A few days ago I discovered that the paper on the flexion of theropod wrists in the ancestors of birds I contributed to has been cited in a journal I would never have expected. Namely ‘Frontiers in Psychology’ and then intriguingly title paper “Sea Slugs, Subliminal Pictures, and Vegetative State Patients: Boundaries of Consciousness in Classical Conditioning”. The paper appears to be open access so you can read it here if you so wish. Naturally this is quite cool and odd, but it does make the point about just how connected very disparate bits of science can be. When we wrote the paper we were thinking purely in terms of bird anatomy, evolution and behaviour and no thought ever passed that this would be linked to sea slugs let alone psychology.
I’ve been asked enough times (generally in a friendly, rather than confrontational manner) why we should fund palaeontology etc. with no apparent applications to mankind. Three are two stock answers to this. First that knowledge should be cherished in its own right and we should try and learn about or world and it’s past, present and future. The second, which I think is more intriguing, is that it’s hard, even impossible, to see how some bits of science might fit together. I’d never have predicted our work would be used to make a point in a psychology paper.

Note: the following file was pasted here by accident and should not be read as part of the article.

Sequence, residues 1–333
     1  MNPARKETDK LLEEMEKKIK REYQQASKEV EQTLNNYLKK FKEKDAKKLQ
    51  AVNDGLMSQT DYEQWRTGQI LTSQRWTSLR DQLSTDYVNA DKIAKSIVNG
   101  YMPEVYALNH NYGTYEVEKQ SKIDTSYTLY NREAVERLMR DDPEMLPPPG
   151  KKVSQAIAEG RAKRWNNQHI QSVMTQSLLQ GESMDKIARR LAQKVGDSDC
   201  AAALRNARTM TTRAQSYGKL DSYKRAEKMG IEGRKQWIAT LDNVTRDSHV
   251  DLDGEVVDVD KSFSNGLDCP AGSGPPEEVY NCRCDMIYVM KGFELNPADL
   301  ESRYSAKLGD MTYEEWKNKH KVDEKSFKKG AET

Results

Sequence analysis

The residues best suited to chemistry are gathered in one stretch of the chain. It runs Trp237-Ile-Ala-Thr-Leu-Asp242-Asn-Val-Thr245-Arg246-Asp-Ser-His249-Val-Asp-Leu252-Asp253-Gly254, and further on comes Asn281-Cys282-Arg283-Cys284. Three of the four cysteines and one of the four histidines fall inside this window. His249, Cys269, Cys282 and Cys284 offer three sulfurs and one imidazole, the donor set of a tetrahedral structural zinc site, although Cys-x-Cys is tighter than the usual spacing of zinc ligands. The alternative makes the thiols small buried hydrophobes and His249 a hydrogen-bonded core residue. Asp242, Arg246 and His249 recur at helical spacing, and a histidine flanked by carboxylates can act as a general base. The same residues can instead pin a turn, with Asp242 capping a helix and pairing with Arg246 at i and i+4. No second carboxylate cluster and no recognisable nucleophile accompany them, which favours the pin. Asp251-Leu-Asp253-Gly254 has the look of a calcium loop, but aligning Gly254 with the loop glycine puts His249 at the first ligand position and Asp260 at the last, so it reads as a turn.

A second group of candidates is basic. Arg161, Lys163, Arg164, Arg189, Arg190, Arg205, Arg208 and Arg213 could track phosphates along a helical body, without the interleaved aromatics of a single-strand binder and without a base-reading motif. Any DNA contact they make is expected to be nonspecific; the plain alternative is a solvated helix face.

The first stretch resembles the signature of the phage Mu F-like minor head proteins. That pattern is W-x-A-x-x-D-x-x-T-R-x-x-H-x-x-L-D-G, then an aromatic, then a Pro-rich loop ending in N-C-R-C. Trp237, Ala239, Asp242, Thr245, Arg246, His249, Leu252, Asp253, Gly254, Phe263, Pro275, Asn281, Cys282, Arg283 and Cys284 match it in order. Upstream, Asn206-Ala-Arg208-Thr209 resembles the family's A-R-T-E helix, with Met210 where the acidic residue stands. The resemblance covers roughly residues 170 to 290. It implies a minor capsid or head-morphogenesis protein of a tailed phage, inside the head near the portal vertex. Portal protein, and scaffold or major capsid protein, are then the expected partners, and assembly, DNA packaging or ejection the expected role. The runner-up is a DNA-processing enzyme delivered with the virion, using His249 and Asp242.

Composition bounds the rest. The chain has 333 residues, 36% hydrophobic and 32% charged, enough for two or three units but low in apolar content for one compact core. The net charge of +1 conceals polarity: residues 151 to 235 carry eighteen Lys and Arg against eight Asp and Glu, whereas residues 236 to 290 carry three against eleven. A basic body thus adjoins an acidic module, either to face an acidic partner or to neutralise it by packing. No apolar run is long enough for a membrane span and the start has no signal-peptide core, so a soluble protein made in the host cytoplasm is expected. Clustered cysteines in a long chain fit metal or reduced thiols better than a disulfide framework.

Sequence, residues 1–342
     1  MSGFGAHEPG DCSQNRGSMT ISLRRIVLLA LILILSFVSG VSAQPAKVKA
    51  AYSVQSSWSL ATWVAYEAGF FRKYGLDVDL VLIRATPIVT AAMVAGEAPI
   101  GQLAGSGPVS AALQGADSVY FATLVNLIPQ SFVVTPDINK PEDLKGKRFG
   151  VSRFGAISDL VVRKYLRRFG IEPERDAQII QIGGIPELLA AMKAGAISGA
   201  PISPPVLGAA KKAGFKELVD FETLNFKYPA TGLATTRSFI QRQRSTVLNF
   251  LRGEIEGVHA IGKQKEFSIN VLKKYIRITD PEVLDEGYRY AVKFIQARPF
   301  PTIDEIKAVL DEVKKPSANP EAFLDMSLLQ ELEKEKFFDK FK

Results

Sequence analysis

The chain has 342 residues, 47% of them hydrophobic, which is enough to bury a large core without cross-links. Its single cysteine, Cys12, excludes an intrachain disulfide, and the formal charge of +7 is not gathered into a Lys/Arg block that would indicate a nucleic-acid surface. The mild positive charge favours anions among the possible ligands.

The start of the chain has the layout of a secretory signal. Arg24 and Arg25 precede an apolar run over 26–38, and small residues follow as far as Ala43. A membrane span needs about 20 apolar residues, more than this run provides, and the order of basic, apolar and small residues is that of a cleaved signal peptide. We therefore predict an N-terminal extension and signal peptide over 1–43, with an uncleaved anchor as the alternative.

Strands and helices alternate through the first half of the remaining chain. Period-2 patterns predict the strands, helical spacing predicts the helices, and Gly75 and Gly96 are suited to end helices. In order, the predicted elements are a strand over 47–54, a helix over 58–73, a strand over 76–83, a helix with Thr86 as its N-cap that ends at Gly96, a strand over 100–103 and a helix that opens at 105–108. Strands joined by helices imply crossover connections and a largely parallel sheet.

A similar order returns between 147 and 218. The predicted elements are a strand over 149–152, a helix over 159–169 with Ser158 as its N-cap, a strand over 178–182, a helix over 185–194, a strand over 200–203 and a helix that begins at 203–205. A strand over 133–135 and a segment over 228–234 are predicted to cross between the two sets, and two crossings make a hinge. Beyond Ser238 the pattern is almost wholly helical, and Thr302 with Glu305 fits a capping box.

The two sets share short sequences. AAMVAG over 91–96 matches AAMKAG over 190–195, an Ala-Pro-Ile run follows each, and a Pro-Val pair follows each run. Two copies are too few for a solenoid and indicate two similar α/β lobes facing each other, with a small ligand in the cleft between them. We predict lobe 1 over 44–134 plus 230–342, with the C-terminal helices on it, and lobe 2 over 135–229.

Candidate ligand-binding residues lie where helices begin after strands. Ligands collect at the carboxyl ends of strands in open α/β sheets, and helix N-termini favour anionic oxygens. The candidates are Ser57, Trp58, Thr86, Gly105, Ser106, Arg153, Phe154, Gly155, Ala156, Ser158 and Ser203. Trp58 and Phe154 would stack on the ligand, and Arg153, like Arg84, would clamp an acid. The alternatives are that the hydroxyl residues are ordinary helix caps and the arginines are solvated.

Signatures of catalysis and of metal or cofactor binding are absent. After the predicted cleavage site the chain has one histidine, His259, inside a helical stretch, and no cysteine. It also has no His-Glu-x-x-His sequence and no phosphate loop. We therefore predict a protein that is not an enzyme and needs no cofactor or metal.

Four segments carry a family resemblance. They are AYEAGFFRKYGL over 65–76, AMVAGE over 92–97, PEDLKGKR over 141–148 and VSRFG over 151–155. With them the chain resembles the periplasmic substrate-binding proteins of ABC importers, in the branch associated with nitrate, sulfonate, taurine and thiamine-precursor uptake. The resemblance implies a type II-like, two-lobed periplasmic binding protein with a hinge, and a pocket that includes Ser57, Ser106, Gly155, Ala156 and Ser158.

This does show just how interlinked very different branches of science can be and how they can interrelate. Ultimately all science is linked of course, but it need not be just by the obvious slight overlaps between say dinosaurs and fossil birds to living birds to flight to biomechanics to aerodynamics to physics etc. but that huge leaps across the science network are possible, even if they’re not that common.